The Economist — Asia's scramble for Africa
Both Japan and China back up diplomatic efforts with aid and, at least in China's case, this seems to have helped win it friends. Countries that vote with China in the UN (for instance over Taiwan) usually get more cash from it, according to AidData, a project based at the College of William and Mary in Virginia.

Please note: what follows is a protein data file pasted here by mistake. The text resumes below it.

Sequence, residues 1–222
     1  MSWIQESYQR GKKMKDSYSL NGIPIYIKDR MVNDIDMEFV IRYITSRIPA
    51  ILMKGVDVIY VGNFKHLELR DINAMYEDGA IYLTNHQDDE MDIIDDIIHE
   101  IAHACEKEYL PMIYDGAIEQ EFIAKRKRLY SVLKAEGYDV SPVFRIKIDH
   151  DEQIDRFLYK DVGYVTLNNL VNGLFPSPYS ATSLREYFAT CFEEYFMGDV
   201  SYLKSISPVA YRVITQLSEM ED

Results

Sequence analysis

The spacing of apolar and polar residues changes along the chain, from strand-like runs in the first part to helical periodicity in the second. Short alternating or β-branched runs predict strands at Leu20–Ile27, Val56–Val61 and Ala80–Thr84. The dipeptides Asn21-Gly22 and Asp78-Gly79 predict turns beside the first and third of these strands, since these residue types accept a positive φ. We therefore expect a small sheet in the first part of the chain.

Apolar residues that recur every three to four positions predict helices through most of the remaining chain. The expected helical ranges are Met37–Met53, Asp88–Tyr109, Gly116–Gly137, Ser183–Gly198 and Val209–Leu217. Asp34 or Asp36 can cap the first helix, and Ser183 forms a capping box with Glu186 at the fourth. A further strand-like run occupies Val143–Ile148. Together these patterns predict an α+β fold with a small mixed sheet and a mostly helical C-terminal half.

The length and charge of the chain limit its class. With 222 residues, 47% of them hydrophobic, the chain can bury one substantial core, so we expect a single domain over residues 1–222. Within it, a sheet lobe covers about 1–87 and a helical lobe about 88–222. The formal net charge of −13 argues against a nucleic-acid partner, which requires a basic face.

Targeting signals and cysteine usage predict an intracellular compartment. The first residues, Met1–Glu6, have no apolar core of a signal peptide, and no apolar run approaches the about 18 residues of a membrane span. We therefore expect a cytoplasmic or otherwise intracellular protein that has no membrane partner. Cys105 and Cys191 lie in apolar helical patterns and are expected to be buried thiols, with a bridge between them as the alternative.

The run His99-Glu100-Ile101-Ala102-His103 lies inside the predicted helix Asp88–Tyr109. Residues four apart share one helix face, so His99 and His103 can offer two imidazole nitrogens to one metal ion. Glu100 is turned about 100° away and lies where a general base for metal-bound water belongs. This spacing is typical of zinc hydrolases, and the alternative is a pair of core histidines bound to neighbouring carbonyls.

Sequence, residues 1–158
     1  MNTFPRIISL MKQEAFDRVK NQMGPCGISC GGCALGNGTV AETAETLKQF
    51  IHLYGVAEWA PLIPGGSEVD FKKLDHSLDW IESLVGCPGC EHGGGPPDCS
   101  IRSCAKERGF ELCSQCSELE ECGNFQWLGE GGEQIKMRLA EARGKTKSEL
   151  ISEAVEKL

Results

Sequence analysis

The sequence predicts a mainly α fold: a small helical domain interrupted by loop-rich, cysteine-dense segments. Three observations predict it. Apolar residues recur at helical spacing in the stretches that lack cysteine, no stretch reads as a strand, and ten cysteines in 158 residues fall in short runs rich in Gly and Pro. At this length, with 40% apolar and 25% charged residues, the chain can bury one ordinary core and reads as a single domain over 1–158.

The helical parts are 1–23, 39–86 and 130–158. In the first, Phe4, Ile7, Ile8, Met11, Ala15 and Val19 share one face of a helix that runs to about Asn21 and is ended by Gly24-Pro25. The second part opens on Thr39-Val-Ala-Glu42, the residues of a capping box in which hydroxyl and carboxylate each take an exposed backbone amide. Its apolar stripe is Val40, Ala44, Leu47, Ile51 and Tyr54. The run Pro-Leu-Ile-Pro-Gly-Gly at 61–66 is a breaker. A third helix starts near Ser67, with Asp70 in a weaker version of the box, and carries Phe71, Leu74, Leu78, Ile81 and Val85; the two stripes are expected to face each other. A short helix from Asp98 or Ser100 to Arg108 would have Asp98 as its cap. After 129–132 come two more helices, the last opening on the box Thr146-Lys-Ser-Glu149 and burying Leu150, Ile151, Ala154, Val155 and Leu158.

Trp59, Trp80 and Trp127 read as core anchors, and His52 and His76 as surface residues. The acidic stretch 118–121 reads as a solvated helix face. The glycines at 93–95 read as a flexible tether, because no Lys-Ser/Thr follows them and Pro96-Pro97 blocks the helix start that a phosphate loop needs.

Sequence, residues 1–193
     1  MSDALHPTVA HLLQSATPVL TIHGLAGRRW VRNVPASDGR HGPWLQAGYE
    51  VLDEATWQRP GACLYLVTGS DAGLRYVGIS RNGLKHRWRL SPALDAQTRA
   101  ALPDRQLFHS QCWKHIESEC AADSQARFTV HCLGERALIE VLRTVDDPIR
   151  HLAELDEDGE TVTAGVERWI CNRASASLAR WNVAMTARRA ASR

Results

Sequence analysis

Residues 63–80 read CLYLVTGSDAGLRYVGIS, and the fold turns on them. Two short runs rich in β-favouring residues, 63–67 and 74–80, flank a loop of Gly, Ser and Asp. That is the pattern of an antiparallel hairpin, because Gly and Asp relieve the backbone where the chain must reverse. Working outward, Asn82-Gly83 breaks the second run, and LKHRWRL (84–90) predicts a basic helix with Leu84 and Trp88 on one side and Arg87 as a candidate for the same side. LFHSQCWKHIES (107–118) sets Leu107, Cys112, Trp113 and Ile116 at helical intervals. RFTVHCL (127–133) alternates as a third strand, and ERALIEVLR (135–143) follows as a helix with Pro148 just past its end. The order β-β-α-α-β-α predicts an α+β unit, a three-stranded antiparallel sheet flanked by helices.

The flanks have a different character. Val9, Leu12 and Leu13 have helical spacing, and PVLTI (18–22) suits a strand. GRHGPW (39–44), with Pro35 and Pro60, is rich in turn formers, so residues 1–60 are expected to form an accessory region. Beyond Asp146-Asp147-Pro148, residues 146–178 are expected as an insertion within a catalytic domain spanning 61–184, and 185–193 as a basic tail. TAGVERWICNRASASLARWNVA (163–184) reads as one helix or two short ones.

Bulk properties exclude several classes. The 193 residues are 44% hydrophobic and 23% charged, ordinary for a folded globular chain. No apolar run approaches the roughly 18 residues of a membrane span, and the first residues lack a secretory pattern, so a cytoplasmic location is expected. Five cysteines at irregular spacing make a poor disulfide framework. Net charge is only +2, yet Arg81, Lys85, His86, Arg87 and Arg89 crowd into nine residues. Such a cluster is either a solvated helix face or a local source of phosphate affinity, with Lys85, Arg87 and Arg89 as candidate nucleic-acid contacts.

Chinese “aid” is a lightning rod for criticism. Policy-makers, journalists, and public intellectuals claim that Beijing uses its largesse to cement alliances with political leaders, secure access to natural resources, and create exclusive commercial opportunities for Chinese firms—all at the expense of citizens living in developing countries. We argue that much of the controversy about Chinese “aid” stems from a failure to distinguish between China's Official Development Assistance (ODA) and more commercially oriented sources and types of state financing. Using a new database on China's official financing commitments to Africa from 2000 to 2013, we find that the allocation of Chinese ODA is driven primarily by foreign policy considerations, while economic interests better explain the distribution of less concessional flows. These results highlight the need for better measures of an increasingly diverse set of non-Western financial activities.